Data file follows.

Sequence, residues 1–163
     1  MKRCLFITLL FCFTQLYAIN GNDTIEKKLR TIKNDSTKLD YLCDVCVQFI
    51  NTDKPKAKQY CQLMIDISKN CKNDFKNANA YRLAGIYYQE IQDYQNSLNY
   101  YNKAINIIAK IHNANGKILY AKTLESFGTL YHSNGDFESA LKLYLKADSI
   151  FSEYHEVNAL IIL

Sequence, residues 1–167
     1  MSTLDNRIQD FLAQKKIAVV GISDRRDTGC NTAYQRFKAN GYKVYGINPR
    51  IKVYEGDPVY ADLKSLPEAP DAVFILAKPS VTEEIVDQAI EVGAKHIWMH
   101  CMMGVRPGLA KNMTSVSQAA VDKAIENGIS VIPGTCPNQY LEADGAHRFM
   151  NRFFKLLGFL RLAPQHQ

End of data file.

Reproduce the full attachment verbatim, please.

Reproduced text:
Sequence, residues 1–163
     1  MKRCLFITLL FCFTQLYAIN GNDTIEKKLR TIKNDSTKLD YLCDVCVQFI
    51  NTDKPKAKQY CQLMIDISKN CKNDFKNANA YRLAGIYYQE IQDYQNSLNY
   101  YNKAINIIAK IHNANGKILY AKTLESFGTL YHSNGDFESA LKLYLKADSI
   151  FSEYHEVNAL IIL

Sequence, residues 1–167
     1  MSTLDNRIQD FLAQKKIAVV GISDRRDTGC NTAYQRFKAN GYKVYGINPR
    51  IKVYEGDPVY ADLKSLPEAP DAVFILAKPS VTEEIVDQAI EVGAKHIWMH
   101  CMMGVRPGLA KNMTSVSQAA VDKAIENGIS VIPGTCPNQY LEADGAHRFM
   151  NRFFKLLGFL RLAPQHQ